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German Chancellor Angela Merkel
German Chancellor Angela Merkel

EU Ready to Start Brexit Talks

Merkel said she believes Britain would stick to the timetable, stressing that the European Union is ready for Brexit talks

EU Ready to Start Brexit Talks

German Chancellor Angela Merkel has said she sees no obstacles in the way of beginning Brexit talks as scheduled, after British Premier Theresa May failed to win a majority in Thursday’s election.
The German chancellor said she believes Britain would stick to the timetable, adding that the European Union is “ready”.
Merkel added that she hoped Britain would remain a good partner following the talks, due to begin on 19 June, BBC reported.
It is her first comment since May’s Conservative party lost 13 seats.
The loss left the Conservatives eight MPs short of a majority in parliament, plunging negotiations into uncertainty. May called the snap election in order to secure a clear mandate for her vision of Brexit.
A spokesman for Merkel had previously refused to be drawn on the issue out of “politeness and respect” while the process of forming a new UK government was underway.
May says she will form a government with the Democratic Unionist Party from Northern Ireland, which won 10 seats.
Merkel, who is meeting with Mexican President Enrique Pena Nieto to discuss trade, told reporters gathered in Mexico City on Friday: “I assume that Britain, from what I heard from the prime minister today, wants to stick to its negotiating plan.
“We want to negotiate quickly; we want to stick to the time plan, and so at this point I don’t think there is anything to suggest these negotiations cannot start as was agreed.”
Merkel went on to say she hoped the UK would remain a good partner.
“Britain is part of Europe, even if it will no longer be part of the European Union.”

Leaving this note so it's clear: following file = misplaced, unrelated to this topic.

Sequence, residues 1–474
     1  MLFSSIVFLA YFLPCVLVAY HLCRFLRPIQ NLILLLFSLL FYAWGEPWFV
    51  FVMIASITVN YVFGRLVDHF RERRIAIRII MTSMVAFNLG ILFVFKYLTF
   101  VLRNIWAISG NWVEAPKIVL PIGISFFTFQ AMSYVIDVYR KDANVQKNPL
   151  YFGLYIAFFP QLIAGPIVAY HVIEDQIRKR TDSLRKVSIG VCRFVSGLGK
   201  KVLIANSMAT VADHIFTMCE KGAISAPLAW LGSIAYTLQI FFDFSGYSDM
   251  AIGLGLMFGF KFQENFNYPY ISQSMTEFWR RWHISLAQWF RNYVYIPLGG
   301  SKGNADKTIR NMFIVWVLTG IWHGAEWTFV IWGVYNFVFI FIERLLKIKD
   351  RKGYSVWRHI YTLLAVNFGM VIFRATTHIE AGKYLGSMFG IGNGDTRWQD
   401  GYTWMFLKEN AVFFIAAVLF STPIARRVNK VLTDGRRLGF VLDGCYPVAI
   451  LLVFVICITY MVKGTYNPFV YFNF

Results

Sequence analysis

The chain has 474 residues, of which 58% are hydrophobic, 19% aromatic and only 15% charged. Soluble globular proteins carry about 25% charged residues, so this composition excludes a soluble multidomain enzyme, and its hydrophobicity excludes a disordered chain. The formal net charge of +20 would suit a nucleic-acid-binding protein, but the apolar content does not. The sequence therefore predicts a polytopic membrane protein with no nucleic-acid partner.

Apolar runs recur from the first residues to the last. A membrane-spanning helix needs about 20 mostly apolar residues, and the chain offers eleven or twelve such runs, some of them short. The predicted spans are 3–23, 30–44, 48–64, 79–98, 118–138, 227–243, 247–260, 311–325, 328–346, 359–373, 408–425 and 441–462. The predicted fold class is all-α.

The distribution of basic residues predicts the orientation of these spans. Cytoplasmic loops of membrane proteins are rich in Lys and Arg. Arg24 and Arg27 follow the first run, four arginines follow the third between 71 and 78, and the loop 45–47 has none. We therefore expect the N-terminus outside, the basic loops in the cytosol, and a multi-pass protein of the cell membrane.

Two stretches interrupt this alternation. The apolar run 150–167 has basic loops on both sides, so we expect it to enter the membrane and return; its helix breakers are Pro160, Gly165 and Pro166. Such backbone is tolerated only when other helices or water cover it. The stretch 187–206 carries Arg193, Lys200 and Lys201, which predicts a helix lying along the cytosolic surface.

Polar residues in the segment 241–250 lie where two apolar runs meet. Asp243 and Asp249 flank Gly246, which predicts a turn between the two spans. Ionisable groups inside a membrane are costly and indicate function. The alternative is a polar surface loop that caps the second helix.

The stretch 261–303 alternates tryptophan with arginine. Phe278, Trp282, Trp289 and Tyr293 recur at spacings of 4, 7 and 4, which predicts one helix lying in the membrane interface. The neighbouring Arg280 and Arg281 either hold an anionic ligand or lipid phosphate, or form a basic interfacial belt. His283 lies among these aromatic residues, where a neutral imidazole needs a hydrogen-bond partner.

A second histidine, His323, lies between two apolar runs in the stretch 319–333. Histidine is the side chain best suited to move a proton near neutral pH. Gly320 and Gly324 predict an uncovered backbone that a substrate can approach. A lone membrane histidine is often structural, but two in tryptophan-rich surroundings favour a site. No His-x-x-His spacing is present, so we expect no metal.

However, she added that EU countries would be “asserting the interests of the 27 member states that will make up the European Union in future” during negotiations.

  Face Realities”
Michael Fuchs, senior economic adviser to the German chancellor, told the BBC the result meant it was time for May “to face realities” and soften her approach.
“Her wish and will was not really too much accepted by the British people,” he said. “I have the feeling, because otherwise they would have given her a better vote.
“Maybe, this is a chance that we can come up to a more reasonable Brexit negotiations because in the last time (recently) I really had the feeling that everything was just being very tough and it doesn’t make sense to be tough.
“We want to have a fair deal with Britain and we want to have a fair final Brexit negotiations.”
“Yet another own goal, after Cameron now May; will make already complex negotiations even more complicated,” he tweeted.
Jean-Claude Juncker, the head of European Commission, said he wanted discussions to proceed without delay, while Michel Barnier, the EU’s chief negotiator for Brexit, said “negotiations should start when UK is ready”.
European Council President Donald Tusk alluded to the March 2019 deadline for Brexit talks.
“We don’t know when Brexit talks start. We know when they must end. Do your best to avoid a ‘no deal’ as a result of ‘no negotiations’,” he wrote.
 

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